Better human rights = more economic liberalization

That’s the conclusion of a new paper from Art Carden and Robert Lawson that got a link on Marginal Revolution today.  The paper is mostly a response to Naomi Klein’s 2007 book “The Shock Doctrine” in which she castigates neoliberal policies for negatively affecting human rights.

As far as I can tell, the methodology is pretty good.  After controlling for other issues, a better score on CIRI’s human rights index is positively and significantly correlated with faster liberalization, measured as protection of property rights and low government regulation.

As a political scientist, however, this seems a bit thin theoretically – they are right, but probably for the wrong reasons.  In one sense, this is a bit tautological – it’s not that shocking that countries that respect civil rights also protect property rights.  More importantly, however, the best work on the causes of human rights abuses suggests that this is exactly what we should expect to find.  Robert Jackman’s excellent 1993 book “Power Without Force” described how the abuse of human rights is a tool of social control that is used with more regularity by weak governments (i.e. those with a tenuous hold on power) than by stronger governments.  Joel Migdal’s “Strong Societies and Weak States” presents essentially the same argument.

Governments that do not have a sure grasp on power are the least likely governments to initiate economic liberalization because doing so could shake up the distribution of power within society, and any change would probably be bad for them.  Creative destruction is really just destruction to the weak autocrat.  Once again, I’ll plug North, Wallis and Weingast’s fantastic “Violence and Social Orders” as the best description I’ve yet found of the political economy of authoritarianism.  From NWW, we see that those countries most likely to liberalize are consolidated democracies and consolidated autocracies, and these countries will demonstrate much better scores on CIRI’s Political Terror scale than unconsolidated autocracies.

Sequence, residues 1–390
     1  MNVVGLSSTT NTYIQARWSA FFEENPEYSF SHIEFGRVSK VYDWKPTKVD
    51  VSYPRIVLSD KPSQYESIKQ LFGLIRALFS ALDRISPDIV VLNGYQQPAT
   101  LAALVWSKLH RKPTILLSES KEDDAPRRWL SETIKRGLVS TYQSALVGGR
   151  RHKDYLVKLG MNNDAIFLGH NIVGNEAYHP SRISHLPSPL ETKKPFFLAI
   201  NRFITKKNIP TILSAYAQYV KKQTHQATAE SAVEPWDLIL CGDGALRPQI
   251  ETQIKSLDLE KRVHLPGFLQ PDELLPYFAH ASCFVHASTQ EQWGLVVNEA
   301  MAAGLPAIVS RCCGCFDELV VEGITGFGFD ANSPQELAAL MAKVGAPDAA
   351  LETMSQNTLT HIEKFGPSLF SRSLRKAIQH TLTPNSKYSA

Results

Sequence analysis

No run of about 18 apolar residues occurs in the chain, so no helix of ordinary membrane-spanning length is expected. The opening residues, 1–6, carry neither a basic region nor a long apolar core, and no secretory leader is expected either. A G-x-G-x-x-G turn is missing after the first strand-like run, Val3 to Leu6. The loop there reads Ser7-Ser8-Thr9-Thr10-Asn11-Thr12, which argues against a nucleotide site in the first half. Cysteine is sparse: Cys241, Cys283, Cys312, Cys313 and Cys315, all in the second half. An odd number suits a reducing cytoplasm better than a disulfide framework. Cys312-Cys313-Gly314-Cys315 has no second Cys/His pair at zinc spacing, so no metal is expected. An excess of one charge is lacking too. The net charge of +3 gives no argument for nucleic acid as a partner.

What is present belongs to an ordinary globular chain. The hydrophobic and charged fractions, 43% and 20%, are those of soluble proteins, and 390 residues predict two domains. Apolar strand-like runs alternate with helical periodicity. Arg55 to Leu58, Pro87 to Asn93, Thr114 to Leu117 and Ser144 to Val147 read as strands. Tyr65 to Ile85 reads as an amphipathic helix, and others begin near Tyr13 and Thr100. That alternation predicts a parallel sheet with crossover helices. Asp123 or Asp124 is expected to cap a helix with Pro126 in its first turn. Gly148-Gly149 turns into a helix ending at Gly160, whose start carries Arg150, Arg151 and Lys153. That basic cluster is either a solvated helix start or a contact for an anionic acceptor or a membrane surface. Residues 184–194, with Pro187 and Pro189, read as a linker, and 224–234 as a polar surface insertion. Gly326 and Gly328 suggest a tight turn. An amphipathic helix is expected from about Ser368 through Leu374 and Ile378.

I can’t say that I know where unconsolidated democracies fit on this scale, but since we know they are the most unstable form of government known to man, we should probably expect both limited liberalization and widespread private violations of human rights.

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About Jake Wobig

I teach international relations and comparative politics at Wingate University in Wingate, North Carolina
This entry was posted in Comparative Politics, Human Rights. Bookmark the permalink.

3 Responses to Better human rights = more economic liberalization

  1. Art Carden says:

    I’m glad you liked the paper, and I look forward to checking out Jackman and Migdal’s books for a couple of other projects I’m working on. I’m also glad you like NWW; I was North’s research assistant for three years as he was finishing Understanding the Process of Economic Change. He presented the first draft of one of the papers that became Violence and Social Orders a couple of months before I defended. It has inspired this paper in which Chris Coyne and I interpret the Memphis Riot of 1866 in light of NWW. There will be at least one more paper and a short book coming out of the Memphis Riot project, so any comments you and your readers might have would be greatly appreciated.

  2. jakewobig says:

    Thanks for stopping by Professor Carden. And thanks for the link to the Memphis Riot paper. I just finished it and I greatly enjoyed it. I haven’t quite formulated my thoughts on it yet, but when I do I’ll post them here.

  3. Art Carden says:

    Thanks for reading that one, too. I look forward to your comments.

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